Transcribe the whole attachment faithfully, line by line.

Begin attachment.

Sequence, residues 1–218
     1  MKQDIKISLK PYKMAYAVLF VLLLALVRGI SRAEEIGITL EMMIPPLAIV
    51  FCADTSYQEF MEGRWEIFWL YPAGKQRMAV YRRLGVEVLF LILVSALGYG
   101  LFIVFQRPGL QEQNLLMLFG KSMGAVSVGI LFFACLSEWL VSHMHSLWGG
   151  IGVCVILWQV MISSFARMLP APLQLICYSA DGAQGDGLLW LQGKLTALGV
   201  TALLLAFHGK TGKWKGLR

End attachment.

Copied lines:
Sequence, residues 1–218
     1  MKQDIKISLK PYKMAYAVLF VLLLALVRGI SRAEEIGITL EMMIPPLAIV
    51  FCADTSYQEF MEGRWEIFWL YPAGKQRMAV YRRLGVEVLF LILVSALGYG
   101  LFIVFQRPGL QEQNLLMLFG KSMGAVSVGI LFFACLSEWL VSHMHSLWGG
   151  IGVCVILWQV MISSFARMLP APLQLICYSA DGAQGDGLLW LQGKLTALGV
   201  TALLLAFHGK TGKWKGLR